During this Covid year I had a personal 'project': a walk for exercise, reflection, biblical encouragement from Sir David Suchet, and quite a few podcasts (Yes including The Rise and Fall of Mars Hill, and the more substantial Everything Just Changed and Undeceptions).
I undertook the Camino de Sydney. This local pilgrimage was developed by two Sydneysiders Brent and Giselle in 2020 who were unable to walk 'The Way of St James' to Santiago de Compostela in Spain). I had hoped to undertake ‘The Way’ in 2021, and with this not being possible I was pleased to be able to walk the Sydney way.
There are 29 walks in seven stages: Over the Pyrenees, Meseta, Southern Cross, Star of the Sea, Mary MacKillop, Galicia and the Way of St James.
I completed the Sydney walk over several months (complying with the movement restrictions that were in place at times in Sydney, including curfews and closed area arrangements, and with an alternate to Pulpit Rock as that has been closed due to the fires in 2020).
My first walk was from La Perouse to Central Station, and my last walk Balmain to St Mary's Cathedral via the Rocks. The overall length is approximately 600 kms and is more likely undertaken by pilgrims as a series of day walks, rather than 29 days straight. I had three nights when I stayed overnight locally and then continued the next day, but mostly would use public transport to go back to the location where I had ended the previous walk. With some suggested alternate walks and additional exploration (and yes, backtracking as I did explore some parts not intended at the time), I managed over 720 kms, with just over 39 kms being my longest day out.
I changed early in the walk to a pair of hiking boots that catered for bush and city walking (I will not advertise the brand), but they have lasted well and should serve many more walks.
Development and Housing
Development is constant in a city this size, but the last decade has witnessed a staggering level of development, and the emergence of key areas in Greater Sydney. Parramatta is the prime example of this change. The Parramatta River at the heart of Parramatta City provides a backdrop to substantial commercial and residential development.
Even in the time since the development of this Camino I found that some areas and streets had changed entry or exit arrangements due to housing and commercial development. Sometimes this necessitated an extended circuit to get back to the next area of the walk.
There has even more a move to close local traffic streets to through traffic with gated areas secured by pin for entry. Fortunately walking usually enables one to go around these areas (hopefully legally!)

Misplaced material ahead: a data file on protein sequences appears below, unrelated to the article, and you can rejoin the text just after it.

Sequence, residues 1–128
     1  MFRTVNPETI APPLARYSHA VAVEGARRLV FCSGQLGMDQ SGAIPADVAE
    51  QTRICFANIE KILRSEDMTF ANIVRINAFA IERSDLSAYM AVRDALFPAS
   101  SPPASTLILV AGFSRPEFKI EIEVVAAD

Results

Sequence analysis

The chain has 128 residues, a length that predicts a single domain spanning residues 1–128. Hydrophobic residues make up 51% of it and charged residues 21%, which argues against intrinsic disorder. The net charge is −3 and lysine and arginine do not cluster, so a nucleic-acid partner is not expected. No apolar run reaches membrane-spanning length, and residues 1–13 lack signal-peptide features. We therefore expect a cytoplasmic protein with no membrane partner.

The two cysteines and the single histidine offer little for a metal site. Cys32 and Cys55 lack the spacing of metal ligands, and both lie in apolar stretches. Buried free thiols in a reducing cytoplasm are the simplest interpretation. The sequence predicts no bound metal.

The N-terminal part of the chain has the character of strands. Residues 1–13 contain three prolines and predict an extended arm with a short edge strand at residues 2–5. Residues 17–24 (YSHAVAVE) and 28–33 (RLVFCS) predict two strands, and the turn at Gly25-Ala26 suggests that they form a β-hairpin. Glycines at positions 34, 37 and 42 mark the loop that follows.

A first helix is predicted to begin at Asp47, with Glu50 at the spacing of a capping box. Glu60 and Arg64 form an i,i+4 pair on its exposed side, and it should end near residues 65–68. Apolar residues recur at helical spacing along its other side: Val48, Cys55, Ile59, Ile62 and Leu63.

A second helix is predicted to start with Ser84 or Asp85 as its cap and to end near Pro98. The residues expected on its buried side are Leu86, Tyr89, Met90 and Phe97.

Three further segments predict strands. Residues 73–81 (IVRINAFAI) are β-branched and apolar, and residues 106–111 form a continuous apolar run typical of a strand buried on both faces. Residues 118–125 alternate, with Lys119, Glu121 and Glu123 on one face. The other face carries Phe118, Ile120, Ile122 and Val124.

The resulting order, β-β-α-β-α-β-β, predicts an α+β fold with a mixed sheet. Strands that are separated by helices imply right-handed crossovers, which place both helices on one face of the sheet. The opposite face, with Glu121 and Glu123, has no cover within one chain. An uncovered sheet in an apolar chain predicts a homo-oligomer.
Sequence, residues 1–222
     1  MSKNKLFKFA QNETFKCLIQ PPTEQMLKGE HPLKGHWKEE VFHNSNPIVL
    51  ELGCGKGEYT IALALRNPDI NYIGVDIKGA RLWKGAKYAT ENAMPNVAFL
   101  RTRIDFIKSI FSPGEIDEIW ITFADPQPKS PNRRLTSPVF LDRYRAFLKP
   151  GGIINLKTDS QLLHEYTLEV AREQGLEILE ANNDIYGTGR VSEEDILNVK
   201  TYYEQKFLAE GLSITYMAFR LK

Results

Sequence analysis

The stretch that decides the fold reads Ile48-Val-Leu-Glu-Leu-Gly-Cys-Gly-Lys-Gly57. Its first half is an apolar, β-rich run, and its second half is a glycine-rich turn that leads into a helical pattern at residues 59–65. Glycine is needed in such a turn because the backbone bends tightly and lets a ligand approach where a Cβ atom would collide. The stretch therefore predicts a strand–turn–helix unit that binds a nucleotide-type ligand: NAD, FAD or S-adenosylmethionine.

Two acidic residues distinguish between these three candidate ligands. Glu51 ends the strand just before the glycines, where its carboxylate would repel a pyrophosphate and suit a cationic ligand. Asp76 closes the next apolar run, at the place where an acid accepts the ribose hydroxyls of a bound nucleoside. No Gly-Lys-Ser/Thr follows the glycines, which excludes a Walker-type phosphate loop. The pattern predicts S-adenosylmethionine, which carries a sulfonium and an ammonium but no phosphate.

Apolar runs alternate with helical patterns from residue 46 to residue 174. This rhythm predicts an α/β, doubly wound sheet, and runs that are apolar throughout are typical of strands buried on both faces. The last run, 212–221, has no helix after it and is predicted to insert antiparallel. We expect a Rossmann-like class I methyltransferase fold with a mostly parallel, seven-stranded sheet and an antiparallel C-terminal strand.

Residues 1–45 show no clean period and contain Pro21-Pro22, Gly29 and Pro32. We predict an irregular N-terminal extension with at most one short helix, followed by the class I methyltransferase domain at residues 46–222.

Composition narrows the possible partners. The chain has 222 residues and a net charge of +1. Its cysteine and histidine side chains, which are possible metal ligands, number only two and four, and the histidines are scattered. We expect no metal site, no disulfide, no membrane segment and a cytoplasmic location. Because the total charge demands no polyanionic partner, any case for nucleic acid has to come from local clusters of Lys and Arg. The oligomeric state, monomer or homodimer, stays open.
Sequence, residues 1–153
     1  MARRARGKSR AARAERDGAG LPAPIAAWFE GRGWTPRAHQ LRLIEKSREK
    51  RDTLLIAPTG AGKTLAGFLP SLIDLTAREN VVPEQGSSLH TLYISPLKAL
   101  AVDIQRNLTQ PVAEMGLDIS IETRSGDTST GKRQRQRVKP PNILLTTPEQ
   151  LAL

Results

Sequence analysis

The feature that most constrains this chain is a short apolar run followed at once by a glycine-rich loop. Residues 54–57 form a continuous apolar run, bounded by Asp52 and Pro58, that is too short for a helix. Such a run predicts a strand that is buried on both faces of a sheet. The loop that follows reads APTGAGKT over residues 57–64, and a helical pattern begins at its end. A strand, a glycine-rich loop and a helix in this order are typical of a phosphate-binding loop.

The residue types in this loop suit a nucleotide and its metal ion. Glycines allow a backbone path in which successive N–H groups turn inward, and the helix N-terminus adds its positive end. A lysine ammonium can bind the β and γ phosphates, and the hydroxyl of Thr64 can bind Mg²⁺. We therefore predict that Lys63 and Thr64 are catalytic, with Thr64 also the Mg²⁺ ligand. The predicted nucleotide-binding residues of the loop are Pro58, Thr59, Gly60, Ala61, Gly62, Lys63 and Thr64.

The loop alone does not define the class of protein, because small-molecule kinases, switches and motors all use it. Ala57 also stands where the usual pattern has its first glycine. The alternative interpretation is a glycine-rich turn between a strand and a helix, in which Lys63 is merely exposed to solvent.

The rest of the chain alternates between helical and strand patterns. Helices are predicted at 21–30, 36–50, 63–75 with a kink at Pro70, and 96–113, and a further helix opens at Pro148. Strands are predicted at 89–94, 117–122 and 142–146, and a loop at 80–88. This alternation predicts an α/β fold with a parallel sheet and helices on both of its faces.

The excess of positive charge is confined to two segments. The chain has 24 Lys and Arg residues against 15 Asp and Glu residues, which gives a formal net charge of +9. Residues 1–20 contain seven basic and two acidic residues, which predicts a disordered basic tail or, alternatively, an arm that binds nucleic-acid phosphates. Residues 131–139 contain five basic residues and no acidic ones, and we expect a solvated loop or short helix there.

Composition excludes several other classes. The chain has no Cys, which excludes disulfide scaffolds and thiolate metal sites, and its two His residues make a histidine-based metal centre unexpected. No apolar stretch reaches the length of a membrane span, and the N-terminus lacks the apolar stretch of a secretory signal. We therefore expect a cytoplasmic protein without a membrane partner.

Homes and Houses
I think that homes are no longer homes, but investment properties and show or trophy homes. In an era when family sizes are smaller and household sizes are becoming smaller houses are becoming bigger. Wherever I walked (including some suburbs that were once not well regarded), older wooden houses have been replaced by two story mansions with double garages, and still there is not enough room for all the cars.
I hope this is not a modern parable of the rich man who built bigger barns, because of the need to store our increasing abundance of possessions, but sadly for many the idea is to “Take life easy; eat, drink and be merry” (Luke 12: 19b)
Whole suburbs or new housing estates have sprung up, seemingly overnight. These areas often include a smaller or boutique style shopping centre complex with a major retailer/food store as the centre anchor.
Houses have been not only becoming bigger, but are increasingly built on most of the available land with little garden or yard space, and no eaves. In a way they are the new style of terrace or apartment modelled on the inner city.
Apartment development has simply been colossal. From the tiny initial Meriton projects of the 1960s, large scale apartment developments are beginning to dominate in most areas of Sydney, except for the mountains, and parts of the northern beaches.
Water views are still prized
While the foundation of the ‘Emerald City’ is of course the harbour, I discovered an increasing focus on the water ways, canals, and rivers, providing another connection to water and illustrative of this lifestyle search. A now slightly older example is the Wolli Creek area development, and a newer example is the Paper Mill Precinct around Georges River, Liverpool. Both also connect with the trend toward multi-story and multi-facility apartment-based developments.
Parks and Recreation
Greater Sydney is blessed indeed with a wonderful array of national parks (I did love the Blackheath Blue Mountains area), but there are also many lovely local parks and areas. There has been an increasing development focus on recreation areas, notably the Greater Western Sydney Parklands, which has excellent facilities of all types.
Next time: reflections on walking, exercise and cross-cultural diversity.
Peter Bentley is a Sydney (Australia) based writer and commentator on church, media and cultural issues. He is a former President of the Australasian Religious Press Association.